Recently there has been a large increase in the creation of dry dock boat condominiums (sometimes referred to as a rackominium), as more and more consumers desire to purchase a place to store their boat as opposed to leasing. Ultimately, dry dock boat condominiums are purchased and sold similar to a residential condominium unit, in that the condominium unit is effectively a pocket of air or space within a larger building. As a result, prior to entering into a contract to purchase a dry dock boat condominium unit, consumers should be mindful that the condominium unit will be subject to certain restrictions and association rules. The restrictions and rules will dictate the size limitations, the transfer restrictions, and any other limitations placed upon the condominium unit. Often times, the association within a dry dock boat condominium will have either a right of first refusal to purchase the condominium unit upon an attempted sale or absolute approval right over each transfer of the condominium unit. Certainly, the benefits of purchasing and owning a dry dock boat condominium can far outweigh being subject to a short-term lease with little predictability in costs. Nonetheless, it’s important to have a real estate attorney assist in the review of the condominium restrictions and association rules applicable to the condominium unit to ensure the consumer is fully aware of the rights and obligations associated with ownership of the condominium unit.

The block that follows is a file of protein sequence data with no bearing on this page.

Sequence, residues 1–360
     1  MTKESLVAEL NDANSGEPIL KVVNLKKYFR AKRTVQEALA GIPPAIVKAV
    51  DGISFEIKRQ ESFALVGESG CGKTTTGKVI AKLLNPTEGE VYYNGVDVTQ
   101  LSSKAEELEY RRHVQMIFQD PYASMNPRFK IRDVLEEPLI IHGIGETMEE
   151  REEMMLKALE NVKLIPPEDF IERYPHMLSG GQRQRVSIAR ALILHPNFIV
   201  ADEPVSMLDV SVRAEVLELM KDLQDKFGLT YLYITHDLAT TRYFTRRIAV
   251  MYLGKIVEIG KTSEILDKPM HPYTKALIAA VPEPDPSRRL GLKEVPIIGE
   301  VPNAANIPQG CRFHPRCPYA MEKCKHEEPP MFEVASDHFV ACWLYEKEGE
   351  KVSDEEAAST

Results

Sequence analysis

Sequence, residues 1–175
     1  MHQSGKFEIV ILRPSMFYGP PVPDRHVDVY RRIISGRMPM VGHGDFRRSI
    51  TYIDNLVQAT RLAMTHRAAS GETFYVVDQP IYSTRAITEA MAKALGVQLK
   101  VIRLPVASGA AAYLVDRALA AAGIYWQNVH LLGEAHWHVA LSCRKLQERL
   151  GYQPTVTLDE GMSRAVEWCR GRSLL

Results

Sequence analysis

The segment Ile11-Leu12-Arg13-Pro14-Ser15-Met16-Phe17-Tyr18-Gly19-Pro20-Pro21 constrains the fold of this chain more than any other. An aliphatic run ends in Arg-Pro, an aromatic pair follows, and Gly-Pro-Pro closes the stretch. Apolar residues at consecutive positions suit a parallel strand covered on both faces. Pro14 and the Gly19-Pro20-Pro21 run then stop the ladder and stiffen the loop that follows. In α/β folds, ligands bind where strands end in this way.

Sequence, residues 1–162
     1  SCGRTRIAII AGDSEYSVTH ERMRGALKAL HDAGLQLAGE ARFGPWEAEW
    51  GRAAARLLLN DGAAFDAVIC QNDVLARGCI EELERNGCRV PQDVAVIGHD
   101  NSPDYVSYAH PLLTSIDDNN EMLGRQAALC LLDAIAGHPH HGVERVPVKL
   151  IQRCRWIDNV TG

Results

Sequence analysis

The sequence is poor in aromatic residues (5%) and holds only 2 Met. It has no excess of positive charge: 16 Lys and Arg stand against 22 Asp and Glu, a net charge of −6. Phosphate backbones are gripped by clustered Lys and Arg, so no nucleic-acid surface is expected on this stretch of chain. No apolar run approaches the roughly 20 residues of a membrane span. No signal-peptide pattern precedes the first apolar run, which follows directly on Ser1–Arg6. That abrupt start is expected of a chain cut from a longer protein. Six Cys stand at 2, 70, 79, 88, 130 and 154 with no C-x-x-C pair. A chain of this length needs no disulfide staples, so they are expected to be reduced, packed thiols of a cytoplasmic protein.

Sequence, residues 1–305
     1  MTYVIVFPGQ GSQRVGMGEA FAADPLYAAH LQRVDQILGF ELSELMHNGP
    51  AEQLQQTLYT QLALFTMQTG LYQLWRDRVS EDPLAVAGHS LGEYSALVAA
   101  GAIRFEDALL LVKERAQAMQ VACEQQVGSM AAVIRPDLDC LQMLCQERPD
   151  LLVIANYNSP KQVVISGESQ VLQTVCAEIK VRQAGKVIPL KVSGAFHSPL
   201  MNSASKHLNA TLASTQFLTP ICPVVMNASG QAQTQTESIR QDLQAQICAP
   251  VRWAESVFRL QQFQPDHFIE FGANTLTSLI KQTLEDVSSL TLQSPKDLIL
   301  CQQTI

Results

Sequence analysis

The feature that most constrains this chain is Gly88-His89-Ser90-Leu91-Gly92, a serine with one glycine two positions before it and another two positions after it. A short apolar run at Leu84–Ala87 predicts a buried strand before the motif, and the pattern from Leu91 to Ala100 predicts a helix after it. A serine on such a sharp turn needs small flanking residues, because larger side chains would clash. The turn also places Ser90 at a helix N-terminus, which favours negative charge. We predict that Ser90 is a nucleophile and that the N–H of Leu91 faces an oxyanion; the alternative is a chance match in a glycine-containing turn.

What is a Dry Dock Boat Condominium?
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